Chart of the day: UK inflation

Of all of the inflation indices the ONS (Office for National Statistics) in the UK uses, the RPI data are the most comprehensive. This particular series runs back to 1948 and is use in all manner of contracts, pension schemes, what have you.

“The Retail Prices Index (RPI) is the most familiar general purpose domestic measure of inflation in the United Kingdom. It is available continuously from June 1947. The Government uses it for uprating of pensions, benefits and index-linked gilts. It is commonly used in private contracts for uprating of maintenance payments and housing rents. It is also used for wage bargaining.”
-UK National Statistics website

Above is the complete data series going back to 1948, measuring percentage change in inflation y-o-y. For most other G-7 economies, the inflation numbers of the 1970s (twice peaking over 20%) would be horrific. Certainly, the United States never experienced anything like this. Only German, with its hyper-inflation during the Weimar Republic knows the detrimental side effects of inflation better.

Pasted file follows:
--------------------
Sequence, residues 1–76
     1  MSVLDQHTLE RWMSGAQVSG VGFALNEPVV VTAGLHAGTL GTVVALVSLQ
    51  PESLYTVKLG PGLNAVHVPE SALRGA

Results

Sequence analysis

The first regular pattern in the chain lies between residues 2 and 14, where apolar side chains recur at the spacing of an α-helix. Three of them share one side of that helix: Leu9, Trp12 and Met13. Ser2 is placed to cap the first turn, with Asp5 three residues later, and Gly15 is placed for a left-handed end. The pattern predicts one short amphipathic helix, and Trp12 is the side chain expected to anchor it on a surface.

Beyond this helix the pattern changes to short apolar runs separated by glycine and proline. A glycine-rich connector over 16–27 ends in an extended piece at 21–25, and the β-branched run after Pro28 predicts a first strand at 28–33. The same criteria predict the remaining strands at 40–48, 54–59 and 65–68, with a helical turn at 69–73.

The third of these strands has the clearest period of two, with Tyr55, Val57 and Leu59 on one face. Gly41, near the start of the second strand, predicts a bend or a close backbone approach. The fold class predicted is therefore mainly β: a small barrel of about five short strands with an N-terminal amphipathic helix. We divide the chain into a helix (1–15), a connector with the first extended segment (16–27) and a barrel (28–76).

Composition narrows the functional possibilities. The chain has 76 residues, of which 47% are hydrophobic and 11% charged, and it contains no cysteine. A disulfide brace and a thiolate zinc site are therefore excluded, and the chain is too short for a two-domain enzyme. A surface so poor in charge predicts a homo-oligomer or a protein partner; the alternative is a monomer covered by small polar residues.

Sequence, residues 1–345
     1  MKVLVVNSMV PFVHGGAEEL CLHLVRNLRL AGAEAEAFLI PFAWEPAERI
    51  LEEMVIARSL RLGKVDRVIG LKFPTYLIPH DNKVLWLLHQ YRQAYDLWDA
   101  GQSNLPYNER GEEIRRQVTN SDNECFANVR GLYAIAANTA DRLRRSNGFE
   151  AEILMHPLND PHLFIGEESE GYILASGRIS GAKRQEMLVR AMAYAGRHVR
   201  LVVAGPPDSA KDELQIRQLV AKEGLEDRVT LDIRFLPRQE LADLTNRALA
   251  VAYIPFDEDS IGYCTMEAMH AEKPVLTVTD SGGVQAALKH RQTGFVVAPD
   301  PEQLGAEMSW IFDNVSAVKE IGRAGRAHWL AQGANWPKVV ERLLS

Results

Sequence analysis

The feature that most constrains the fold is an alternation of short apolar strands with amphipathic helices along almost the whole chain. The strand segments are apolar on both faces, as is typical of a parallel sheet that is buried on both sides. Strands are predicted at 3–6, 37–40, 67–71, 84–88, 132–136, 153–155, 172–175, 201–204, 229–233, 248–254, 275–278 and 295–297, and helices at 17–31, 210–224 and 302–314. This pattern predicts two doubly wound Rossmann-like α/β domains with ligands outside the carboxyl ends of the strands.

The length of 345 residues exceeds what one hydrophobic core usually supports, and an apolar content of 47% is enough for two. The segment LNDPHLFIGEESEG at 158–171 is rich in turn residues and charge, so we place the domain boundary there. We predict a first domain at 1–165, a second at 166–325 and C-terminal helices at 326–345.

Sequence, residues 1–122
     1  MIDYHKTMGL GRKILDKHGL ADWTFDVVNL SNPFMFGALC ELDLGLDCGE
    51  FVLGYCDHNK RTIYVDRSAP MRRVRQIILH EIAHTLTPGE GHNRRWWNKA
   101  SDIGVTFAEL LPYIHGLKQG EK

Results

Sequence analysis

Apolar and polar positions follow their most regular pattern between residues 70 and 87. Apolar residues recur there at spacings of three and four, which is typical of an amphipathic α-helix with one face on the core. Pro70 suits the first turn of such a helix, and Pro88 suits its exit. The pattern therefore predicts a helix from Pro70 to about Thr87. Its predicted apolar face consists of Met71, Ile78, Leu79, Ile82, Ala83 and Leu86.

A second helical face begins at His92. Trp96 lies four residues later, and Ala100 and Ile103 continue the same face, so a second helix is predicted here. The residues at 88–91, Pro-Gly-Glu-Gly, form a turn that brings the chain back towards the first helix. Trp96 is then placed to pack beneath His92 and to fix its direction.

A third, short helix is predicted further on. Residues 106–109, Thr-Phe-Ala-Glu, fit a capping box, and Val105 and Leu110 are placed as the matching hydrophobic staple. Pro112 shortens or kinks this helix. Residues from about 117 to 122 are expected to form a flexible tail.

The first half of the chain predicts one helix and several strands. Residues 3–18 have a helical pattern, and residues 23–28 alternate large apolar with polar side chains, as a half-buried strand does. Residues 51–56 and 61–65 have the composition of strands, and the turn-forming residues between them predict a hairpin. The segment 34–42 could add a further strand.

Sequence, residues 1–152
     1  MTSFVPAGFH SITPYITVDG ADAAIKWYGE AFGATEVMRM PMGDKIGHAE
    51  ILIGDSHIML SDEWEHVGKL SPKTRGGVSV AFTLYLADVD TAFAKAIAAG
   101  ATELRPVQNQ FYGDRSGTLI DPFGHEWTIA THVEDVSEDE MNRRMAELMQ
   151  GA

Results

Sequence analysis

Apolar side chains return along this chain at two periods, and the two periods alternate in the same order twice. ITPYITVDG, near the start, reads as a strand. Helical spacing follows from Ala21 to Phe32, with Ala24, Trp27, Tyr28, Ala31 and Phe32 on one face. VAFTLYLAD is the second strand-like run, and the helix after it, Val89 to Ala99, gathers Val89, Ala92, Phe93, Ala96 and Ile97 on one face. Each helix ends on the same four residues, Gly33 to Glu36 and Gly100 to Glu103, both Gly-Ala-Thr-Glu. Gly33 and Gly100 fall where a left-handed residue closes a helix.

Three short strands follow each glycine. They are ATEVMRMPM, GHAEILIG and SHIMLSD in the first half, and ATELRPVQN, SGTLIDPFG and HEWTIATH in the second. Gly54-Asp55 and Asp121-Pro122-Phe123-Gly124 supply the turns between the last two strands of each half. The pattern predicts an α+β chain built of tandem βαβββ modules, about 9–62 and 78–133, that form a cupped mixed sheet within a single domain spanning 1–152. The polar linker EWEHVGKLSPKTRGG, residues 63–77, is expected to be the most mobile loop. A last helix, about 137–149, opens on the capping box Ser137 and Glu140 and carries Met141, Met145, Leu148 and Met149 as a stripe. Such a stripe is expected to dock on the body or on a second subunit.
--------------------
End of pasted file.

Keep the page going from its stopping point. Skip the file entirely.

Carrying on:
Right now, RPI is running at a rather heady 4.3% annual pace.

This post is part of my series.

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